We aren’t doing sit-down style seating with toasts, first dance, etc., so we picked a slightly smaller venue than we both envisioned, but it’s a great location with indoor and outdoor space. The venue fee is $1,400 and with the wine minimum, probably closer to $2,500, but that also includes most of the alcohol we’ll need.

Venue Insurance

Since this is going to be a larger event and the cellar requires liability insurance, I purchased special event insurance.

It provides $1,000,000 of liability coverage for each occurrence and costs about $200.

Like most insurance, I hope I never need to use it, but I feel better knowing I have it with 75-100 people who will be drinking and celebrating.

What Food Did We Select?

One of the other reasons we chose the venues we did is because of their flexibility with outside catering. Many venues require you to go with their caterer or a variety of other caterers. Again, I did not want the boring wedding food options. Not only that, I didn’t want to pay catering prices for what I often consider to be sub-par food.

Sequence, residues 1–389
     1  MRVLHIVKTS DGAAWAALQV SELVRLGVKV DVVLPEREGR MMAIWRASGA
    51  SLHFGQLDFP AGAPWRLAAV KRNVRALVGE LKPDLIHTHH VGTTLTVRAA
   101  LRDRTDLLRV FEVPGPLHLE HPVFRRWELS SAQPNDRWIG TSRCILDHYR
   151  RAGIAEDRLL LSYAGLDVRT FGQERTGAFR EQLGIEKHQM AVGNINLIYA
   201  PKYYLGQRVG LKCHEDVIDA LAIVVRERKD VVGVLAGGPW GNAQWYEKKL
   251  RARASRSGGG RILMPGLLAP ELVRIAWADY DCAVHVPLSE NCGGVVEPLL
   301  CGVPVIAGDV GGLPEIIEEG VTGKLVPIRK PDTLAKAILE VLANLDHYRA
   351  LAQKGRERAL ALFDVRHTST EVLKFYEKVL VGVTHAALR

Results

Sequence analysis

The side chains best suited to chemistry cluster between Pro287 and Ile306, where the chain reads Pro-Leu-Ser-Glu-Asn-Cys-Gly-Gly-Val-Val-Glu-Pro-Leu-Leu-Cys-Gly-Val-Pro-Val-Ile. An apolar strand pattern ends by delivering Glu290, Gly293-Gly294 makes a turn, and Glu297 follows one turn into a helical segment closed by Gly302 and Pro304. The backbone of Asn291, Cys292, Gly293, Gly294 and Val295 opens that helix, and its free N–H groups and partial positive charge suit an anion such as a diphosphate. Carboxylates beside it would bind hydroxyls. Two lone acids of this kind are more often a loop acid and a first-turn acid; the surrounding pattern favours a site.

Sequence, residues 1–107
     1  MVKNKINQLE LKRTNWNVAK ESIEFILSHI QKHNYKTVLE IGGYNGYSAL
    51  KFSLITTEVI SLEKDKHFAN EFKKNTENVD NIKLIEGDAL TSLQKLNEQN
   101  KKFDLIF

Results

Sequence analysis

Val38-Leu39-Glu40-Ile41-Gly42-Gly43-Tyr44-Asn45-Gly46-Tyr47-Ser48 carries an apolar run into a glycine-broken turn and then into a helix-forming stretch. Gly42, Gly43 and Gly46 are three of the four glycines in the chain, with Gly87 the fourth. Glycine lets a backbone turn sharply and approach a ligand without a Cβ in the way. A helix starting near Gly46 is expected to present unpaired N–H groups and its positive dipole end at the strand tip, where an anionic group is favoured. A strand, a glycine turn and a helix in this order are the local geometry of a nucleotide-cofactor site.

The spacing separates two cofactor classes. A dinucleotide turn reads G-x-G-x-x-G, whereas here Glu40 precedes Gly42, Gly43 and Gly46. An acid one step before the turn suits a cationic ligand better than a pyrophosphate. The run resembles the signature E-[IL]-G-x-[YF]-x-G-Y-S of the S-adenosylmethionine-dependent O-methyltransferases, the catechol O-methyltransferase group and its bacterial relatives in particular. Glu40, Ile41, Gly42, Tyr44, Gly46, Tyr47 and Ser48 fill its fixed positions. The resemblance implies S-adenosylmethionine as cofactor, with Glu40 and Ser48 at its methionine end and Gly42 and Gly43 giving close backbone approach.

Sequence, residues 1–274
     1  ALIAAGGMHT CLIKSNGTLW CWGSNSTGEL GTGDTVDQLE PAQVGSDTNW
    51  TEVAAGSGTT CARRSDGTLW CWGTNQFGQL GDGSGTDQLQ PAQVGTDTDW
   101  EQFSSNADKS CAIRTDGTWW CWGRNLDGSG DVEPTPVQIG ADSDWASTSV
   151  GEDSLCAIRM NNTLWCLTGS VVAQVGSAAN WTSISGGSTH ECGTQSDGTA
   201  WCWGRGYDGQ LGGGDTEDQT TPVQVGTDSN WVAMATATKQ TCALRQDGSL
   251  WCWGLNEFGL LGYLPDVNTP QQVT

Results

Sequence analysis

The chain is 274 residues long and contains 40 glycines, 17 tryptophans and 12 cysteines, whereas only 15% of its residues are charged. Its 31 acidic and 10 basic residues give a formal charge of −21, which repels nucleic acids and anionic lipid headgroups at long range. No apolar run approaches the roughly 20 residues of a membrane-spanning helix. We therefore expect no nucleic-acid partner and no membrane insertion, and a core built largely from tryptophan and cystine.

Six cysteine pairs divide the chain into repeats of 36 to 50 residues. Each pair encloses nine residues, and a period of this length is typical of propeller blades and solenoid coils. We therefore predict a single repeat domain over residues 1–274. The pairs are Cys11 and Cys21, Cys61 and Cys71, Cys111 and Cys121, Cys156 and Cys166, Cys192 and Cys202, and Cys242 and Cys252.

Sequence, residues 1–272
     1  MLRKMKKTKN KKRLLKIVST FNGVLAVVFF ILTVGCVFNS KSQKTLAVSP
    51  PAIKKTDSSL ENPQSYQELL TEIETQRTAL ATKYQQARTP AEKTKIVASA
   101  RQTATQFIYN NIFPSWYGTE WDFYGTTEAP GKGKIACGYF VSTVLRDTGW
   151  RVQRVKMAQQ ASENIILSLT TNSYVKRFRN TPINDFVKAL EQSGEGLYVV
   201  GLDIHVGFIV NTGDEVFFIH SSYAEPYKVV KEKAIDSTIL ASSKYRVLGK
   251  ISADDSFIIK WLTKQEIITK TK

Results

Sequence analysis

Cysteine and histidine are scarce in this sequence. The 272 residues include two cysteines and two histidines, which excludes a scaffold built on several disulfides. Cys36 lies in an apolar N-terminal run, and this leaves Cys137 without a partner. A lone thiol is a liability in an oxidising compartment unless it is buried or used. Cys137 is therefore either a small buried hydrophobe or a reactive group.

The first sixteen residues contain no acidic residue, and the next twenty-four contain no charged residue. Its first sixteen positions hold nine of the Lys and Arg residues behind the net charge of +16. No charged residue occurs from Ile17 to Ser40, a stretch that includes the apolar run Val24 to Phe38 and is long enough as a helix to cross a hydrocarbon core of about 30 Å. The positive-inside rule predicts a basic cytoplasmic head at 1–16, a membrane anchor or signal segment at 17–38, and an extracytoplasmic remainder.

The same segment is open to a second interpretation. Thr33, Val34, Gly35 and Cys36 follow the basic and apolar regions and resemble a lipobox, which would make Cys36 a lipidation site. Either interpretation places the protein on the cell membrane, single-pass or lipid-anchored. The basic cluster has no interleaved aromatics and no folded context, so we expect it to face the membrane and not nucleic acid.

I’m picky when it comes to food, and I have high expectations.

We found a few local Seattle restaurants with reasonable catering menus, but I wondered if Bongos, a Caribbean restaurant with a sandpit that used to be a gas station, catered. I didn’t find anything online. After a few phone calls and a trip to the restaurant, we finally got their catering menu.

Let me tell you – it looks delicious. They have items on their catering menu that they don’t serve on their normal menu, and I wanted to try it all.